Silver Linings Playbook to The Shape of Water: 10 atypical romantic dramas to reinforce your faith in the genre

Silver Linings Playbook to The Shape of Water: 10 atypical romantic dramas to reinforce your faith in the genre

Not all romantic dramas need to have a bad boy, a girl-next-door and the conventional and cheesy meet-cute. There's a thing called 'pushing the envelope' and these ten movies do exactly that.

Stills from Silver Linings Playbook and The Shape of Water
This Valentine’s Day, binge-watch these unconventional romantic dramas

Valentine’s Day fever is here and people are generally on the lookout for romantic movies to binge-watch with their loved ones during the season. But not all of us are big fans of the usual, soppy flicks that the audience tends to associate with the genre. Some of us actually like pushing the envelope and are delighted when a film tries to subvert the genre in subtle or a big way. Change is not always a bad thing. So, if you are one of those who would like to try something unconventional for your romantic palate, then this list is for you.

Silver Linings Playbook

It would be hard to develop a listicle of atypical romantic dramas without including David O. Russell’s Silver Linings Playbook. The 2012 movie, which won America’s sweetheart Jennifer Lawrence her first Oscar, is a story about love, mental illness, and relationships. Lead stars Jennifer Lawrence and Bradley Cooper’s chemistry crackle and burn the screen, as Jennifer’s character Tiffany Maxwell (a young widow) matches steps with Cooper’s Pat.

Pat suffers from bipolar disorder. After getting back on his own two feet, he is determined to win the love of his estranged wife. Enter Tiffany, who says she would help him get back his wife if he helps her win a dance competition. And of course, Tiffany has her own issues to deal with, which makes the relationship that she shares with Pat all the more complicated. What ensues is moments of grief and laughter. Deliciously real.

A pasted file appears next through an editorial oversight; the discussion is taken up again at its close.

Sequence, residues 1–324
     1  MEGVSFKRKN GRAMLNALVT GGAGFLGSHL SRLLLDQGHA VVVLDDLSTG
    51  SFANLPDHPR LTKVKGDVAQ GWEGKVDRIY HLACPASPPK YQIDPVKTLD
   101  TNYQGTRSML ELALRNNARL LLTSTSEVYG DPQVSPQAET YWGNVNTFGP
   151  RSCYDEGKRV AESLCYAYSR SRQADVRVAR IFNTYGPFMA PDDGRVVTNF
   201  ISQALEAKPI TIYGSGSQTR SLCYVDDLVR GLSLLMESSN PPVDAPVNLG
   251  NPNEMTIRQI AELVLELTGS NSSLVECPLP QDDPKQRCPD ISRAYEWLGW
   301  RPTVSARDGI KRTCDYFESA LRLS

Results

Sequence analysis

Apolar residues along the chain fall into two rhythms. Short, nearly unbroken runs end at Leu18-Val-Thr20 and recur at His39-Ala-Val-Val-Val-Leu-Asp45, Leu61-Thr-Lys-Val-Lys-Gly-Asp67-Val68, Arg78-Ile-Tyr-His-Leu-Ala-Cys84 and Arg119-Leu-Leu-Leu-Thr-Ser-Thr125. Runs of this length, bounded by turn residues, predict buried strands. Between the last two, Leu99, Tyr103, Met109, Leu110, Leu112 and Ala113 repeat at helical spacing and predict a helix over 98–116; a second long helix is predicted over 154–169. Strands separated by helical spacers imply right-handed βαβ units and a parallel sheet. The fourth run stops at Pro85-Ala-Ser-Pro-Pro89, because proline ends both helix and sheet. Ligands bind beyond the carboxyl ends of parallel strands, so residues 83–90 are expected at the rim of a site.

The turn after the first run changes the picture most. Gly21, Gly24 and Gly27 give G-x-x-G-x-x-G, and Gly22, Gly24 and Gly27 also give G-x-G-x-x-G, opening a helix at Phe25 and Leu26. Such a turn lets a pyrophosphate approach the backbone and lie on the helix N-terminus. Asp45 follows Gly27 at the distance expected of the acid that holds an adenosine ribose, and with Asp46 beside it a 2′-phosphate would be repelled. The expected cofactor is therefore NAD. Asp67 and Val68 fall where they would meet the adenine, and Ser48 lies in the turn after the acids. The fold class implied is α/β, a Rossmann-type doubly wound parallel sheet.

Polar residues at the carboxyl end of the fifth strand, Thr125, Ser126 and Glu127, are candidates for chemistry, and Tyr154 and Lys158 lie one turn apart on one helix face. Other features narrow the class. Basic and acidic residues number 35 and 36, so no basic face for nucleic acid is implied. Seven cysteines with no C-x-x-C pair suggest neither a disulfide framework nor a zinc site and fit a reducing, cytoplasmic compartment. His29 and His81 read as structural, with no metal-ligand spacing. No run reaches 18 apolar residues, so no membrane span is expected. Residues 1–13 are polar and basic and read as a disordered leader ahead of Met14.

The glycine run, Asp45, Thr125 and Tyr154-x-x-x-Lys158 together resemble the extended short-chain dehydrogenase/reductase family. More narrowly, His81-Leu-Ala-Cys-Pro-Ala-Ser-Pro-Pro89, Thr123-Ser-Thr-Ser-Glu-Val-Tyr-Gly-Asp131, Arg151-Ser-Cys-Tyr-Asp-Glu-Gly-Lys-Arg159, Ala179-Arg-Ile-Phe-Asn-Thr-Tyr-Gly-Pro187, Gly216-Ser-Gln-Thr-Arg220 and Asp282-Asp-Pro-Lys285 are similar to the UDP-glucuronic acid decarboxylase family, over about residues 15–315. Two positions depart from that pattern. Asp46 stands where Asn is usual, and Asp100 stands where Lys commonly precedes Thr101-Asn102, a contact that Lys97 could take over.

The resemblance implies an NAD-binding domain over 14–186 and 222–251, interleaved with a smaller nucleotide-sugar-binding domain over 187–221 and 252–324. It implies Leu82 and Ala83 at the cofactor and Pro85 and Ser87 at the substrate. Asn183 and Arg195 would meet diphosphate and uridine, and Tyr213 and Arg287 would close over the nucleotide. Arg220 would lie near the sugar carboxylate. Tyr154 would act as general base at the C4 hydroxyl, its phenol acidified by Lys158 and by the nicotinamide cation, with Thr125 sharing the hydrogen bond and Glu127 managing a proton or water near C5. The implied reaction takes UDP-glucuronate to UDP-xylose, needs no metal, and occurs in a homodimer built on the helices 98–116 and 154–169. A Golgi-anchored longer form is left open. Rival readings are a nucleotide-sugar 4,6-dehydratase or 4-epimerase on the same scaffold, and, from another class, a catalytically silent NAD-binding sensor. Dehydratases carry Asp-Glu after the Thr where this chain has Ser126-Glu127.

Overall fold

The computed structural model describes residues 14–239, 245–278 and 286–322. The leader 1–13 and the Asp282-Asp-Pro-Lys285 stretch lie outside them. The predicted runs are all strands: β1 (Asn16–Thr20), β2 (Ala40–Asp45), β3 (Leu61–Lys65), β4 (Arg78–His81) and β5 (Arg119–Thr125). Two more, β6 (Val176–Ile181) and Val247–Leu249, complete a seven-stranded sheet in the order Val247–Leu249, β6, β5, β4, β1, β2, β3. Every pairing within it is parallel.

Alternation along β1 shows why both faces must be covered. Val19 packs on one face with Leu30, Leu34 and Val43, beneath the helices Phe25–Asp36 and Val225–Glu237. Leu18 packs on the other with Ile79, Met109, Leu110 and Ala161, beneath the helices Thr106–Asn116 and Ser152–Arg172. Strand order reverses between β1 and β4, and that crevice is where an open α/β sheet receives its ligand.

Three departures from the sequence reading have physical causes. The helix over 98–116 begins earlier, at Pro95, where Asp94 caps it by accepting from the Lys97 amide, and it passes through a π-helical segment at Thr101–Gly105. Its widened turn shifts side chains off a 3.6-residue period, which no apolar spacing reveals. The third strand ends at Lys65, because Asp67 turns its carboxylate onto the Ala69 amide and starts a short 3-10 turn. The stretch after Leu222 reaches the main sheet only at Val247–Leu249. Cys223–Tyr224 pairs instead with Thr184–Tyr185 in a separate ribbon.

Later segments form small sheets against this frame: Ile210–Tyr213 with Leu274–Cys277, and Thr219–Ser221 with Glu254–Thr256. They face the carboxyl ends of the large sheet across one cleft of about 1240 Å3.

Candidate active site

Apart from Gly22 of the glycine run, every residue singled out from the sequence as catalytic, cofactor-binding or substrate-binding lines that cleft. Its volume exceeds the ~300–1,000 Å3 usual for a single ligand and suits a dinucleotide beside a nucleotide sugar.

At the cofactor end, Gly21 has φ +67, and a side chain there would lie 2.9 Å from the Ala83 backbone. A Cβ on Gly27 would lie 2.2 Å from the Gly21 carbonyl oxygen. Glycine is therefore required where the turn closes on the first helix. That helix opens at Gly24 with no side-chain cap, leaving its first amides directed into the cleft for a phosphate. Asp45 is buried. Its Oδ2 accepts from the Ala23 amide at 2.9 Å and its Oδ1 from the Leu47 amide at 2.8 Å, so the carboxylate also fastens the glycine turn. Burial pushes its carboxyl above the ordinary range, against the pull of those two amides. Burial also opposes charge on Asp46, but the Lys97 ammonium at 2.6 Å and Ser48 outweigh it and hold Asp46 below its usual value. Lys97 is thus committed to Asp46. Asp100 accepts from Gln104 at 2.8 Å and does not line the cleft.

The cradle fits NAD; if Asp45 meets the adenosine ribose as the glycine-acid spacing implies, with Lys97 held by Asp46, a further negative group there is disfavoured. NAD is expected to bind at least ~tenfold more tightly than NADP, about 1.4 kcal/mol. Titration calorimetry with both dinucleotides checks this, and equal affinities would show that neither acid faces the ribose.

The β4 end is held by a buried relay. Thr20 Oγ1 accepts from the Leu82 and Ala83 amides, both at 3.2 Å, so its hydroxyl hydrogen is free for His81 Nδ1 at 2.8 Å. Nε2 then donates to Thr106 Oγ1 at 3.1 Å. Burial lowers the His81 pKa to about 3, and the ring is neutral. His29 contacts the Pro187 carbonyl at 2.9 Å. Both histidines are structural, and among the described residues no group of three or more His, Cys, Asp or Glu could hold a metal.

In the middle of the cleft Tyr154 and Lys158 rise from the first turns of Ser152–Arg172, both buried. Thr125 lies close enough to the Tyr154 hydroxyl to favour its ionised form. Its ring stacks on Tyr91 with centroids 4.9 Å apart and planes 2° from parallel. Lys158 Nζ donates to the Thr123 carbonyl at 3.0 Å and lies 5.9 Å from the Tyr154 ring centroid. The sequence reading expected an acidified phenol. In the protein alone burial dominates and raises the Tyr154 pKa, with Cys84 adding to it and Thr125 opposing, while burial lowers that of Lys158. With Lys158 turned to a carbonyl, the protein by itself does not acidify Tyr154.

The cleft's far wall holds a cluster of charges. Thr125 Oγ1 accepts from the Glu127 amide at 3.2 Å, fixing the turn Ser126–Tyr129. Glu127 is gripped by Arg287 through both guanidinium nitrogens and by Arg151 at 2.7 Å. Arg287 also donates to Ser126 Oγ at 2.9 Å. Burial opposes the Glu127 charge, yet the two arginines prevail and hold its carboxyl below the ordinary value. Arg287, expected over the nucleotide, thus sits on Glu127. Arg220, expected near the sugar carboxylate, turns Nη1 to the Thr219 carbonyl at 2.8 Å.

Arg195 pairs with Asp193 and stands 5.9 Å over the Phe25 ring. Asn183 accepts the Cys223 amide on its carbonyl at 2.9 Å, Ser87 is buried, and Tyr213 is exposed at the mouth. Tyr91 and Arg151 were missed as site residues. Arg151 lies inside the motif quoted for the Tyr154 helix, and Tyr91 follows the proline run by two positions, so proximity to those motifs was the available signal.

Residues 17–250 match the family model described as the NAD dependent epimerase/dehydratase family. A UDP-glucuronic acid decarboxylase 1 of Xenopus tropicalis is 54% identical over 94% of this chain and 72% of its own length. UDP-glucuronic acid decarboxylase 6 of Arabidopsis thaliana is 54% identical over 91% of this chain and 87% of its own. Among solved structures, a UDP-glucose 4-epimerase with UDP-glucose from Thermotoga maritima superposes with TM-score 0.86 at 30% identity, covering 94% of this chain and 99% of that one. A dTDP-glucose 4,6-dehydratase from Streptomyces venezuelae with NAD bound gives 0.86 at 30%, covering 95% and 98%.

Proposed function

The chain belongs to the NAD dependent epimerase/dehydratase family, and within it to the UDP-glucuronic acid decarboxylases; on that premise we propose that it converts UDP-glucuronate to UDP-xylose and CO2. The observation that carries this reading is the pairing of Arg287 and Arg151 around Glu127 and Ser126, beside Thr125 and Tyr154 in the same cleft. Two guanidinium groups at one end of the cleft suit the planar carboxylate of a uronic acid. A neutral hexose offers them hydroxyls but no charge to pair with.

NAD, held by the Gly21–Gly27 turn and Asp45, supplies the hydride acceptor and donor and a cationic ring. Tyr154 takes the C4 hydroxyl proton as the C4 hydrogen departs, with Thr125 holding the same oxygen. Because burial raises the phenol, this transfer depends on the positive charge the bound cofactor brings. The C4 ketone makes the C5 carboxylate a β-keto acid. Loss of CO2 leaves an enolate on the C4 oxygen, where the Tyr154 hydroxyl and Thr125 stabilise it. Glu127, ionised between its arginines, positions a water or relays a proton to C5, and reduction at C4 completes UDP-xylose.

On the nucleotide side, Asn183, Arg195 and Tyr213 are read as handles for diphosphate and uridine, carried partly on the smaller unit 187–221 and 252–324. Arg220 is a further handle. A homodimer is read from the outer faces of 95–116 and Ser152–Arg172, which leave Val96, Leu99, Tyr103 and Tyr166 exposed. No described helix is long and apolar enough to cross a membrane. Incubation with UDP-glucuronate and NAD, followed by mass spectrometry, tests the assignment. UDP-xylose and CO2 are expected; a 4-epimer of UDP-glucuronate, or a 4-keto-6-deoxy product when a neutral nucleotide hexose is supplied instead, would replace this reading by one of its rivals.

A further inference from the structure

The film has been adapted from Matthew Quick’s novel of the same name.

High Fidelity


The film has been adapted from British writer Nick Hornby’s novel of the same name. High Fidelity stars John Cusack as the music snob who has just gotten out of a serious relationship. Despite being involved in a string of relationships in the past, Cusack’s Rob Gordon cannot understand women. In an interview about the film, writer Nick Hornby had once said that he thought that Cusack was Rob Gordon reading his book aloud. And yes, he meant that in the best way possible.

What happens when a music enthusiast who owns a record store cannot make the women in his life stay? High Fidelity is high on humour, music, and wonderfully explores the question of what it means to be in relationships, without getting boring. Jack Black and Todd Louiso deliver solid supporting performances. One of those movies that is almost as good as the book. Now, that’s not something that happens often.

The Before trilogy

Almost Famous director Richard Linklater is great at what he does; investigating what it means to be human. In the Before series, Linklater goes deeper into the realms of romance with his usual honesty and good writing. The movies, which feature Etha Hawke and Julie Delpy in starring roles, is sublime. Jesse and Celine meet, converse (at length), flirt, fall in love and separate over a period of two decades.

The movie is literally a goldmine of great quotes about love and life, and the camera work is exquisite. As good as they come. In fact, better.

The Shape of Water

This year’s Oscar-nominated movie Guillermo del Toro’s The Shape of Water is not your regular love story and that’s an understatement. Because the movie’s ‘hero’ is a pagan God, who looks like a weirdly distorted version of a merman. Go, figure.